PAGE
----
The penalties follow a weekend of bank holiday travel chaos that saw Glasgow Central station closed because of problems with overhead wires.
ScotRail, run by Dutch operator Abellio, missed performance targets in 22 out of 34 areas in the first three months of 2018, according to the latest official figures. This resulted in £1.6m of fines –nearly £400,000 more than in the previous three months.
The firm insists it has now identified ten priority areas and has developed detailed plans to address the key issues which caused the problems.
But opposition leaders branded the figures “shocking”.
“ScotRail has left passengers having to pay a small fortune for delayed and overcrowded trains,” said Labour’s rural affairs and connectivity spokesman Colin Smyth.
“And even when trains are not cancelled, they still can’t be guaranteed to stop at the stations they are supposed to.
“The fact that ScotRail seems to think this performance is acceptable because the fines are put back into the industry shows real contempt for the impact these missed targets have on passengers. This is simply unacceptable.”
ScotRail’s performance through quarterly figures called the Service Quality Incentive Regime (Squire). A range of areas including station CCTV, litter and contamination, train seats, refreshments, food, help points, telephones, ticket machines, train and station toilets, cleanliness, taxi ranks and car parks fell short of the mark in the most recent figures.
A spokesman for ScotRail said there has already been improvements in on-train ticket inspections and booking office opening times.
“We have developed detailed plans to keep improving the high level of service our customers quite rightly expect,” he added.
ScotRail also said that the £1.6m financial penalties are not fines, because the money goes into a reinvestment fund used to enhance Scotland’s railway.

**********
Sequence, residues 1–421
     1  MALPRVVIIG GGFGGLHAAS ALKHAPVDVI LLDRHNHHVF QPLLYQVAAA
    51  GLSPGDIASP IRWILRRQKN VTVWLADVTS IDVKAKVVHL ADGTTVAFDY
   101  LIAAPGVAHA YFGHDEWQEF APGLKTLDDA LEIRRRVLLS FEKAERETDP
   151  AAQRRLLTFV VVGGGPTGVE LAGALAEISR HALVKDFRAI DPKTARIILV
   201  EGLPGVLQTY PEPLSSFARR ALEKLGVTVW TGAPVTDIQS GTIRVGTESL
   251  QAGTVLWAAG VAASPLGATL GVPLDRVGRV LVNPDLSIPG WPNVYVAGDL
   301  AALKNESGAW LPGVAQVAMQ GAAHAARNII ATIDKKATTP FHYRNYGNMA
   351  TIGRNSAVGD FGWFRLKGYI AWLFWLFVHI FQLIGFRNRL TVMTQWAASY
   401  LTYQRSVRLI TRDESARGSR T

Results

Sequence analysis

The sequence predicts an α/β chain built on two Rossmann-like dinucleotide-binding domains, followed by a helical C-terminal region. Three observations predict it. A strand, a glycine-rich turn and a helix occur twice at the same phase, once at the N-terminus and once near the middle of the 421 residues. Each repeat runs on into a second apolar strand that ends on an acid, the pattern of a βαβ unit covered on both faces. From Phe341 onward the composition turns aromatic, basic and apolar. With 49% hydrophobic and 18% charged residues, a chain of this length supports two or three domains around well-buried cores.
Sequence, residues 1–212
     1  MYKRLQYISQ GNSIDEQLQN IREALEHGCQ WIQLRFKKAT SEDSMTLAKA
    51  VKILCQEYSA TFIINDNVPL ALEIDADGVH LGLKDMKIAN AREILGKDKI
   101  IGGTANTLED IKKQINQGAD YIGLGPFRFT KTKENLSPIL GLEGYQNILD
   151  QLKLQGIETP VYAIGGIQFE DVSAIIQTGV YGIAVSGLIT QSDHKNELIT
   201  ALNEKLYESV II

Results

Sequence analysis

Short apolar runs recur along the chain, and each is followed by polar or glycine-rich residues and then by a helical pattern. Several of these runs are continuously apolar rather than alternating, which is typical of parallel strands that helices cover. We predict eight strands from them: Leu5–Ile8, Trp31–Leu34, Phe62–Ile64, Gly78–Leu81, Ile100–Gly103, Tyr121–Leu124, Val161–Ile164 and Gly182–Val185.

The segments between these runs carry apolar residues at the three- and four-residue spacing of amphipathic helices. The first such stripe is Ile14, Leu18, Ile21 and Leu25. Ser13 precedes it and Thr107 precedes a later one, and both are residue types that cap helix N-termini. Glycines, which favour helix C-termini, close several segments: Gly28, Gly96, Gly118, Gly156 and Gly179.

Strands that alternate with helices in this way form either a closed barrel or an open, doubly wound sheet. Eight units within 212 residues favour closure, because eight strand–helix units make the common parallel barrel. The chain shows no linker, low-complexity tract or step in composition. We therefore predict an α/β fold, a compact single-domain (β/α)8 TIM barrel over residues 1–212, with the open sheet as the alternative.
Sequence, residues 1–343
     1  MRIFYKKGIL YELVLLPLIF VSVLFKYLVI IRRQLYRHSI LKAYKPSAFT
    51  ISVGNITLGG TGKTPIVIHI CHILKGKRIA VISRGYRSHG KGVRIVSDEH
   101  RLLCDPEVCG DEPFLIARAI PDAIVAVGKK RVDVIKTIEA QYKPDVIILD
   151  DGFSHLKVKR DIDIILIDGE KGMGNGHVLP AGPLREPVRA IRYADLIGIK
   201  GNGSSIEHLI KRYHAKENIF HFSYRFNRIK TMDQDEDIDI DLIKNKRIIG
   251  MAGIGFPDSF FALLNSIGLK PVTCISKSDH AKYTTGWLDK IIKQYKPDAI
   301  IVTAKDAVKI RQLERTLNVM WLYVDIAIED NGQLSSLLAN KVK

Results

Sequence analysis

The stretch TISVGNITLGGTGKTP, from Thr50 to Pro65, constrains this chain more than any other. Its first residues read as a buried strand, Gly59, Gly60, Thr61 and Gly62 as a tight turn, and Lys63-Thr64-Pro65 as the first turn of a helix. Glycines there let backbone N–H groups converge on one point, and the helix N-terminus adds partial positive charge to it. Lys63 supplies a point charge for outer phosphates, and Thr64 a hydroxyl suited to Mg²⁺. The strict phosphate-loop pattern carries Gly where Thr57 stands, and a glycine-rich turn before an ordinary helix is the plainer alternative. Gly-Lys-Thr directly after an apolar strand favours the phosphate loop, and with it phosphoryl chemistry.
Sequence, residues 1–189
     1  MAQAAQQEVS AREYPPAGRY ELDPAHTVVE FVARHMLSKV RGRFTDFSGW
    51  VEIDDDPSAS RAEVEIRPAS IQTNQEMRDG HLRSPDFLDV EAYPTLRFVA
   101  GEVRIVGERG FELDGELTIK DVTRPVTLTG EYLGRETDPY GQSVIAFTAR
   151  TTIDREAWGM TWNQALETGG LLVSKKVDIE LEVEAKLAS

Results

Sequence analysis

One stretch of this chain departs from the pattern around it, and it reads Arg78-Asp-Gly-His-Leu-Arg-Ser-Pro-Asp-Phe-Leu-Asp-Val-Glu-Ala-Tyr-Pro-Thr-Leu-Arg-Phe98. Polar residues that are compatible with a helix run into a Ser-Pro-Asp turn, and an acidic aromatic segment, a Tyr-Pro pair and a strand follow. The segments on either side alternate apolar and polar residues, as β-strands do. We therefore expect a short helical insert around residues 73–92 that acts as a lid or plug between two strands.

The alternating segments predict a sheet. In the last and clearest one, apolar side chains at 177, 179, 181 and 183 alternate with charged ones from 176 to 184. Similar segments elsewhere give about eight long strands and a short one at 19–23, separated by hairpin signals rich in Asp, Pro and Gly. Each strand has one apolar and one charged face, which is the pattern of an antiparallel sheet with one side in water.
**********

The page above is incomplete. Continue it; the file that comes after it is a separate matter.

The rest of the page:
The operator has also faced repeated criticism over the controversial practice of “stop skipping” where trains simply fail to stop at stations. Mr Yousaf has branded this “simply not good enough” when it emerged in January that 20 trains a day were doing this.
A Transport Scotland spokesman said the Squire regime is the “toughest of its kind” in the UK and is at the heart of efforts to improve the rail service.
He added: “This level of penalties is disappointing, especially in comparison to the corresponding quarter in 2016/17.
“We have robustly challenged ScotRail on the issues which are contributing towards, not only the Squire performance but the non-delivery of the fundamental expectation of staffed stations and trains.
“As a result ScotRail has committed to two reviews, one on staffing/recruitment and the other to produce a recovery plan to focus on more effective methods to resolve and repair faults.
“All penalties accrued are reinvested in the franchise through improvements to the Scottish Rail Network.”
Glasgow Central’s high level was closed completely at 10:45pm on Saturday after ten trains travelling on high level routes lost power at around 9:15pm.
Passengers stranded on affected services were helped off trains by staff, with all customers off the trains by 12:45am on Sunday. Disruption continued into Sunday afternoon. Train lines re-opened at 1pm but ScotRail said some routes were winding down early to allow for essential repairs to be carried out.
A ScotRail Alliance spokesman said: “We apologise to anyone affected by the disruption caused by severe damage to the overhead wires at Glasgow Central.”
The firm is investigating what may have caused the disruption to the overhead wires.
Meanwhile Glasgow Queen Street was named Britain’s most unpopular railway station in a survey of passengers.
Independent watchdog Transport Focus took the views of 28,000 people.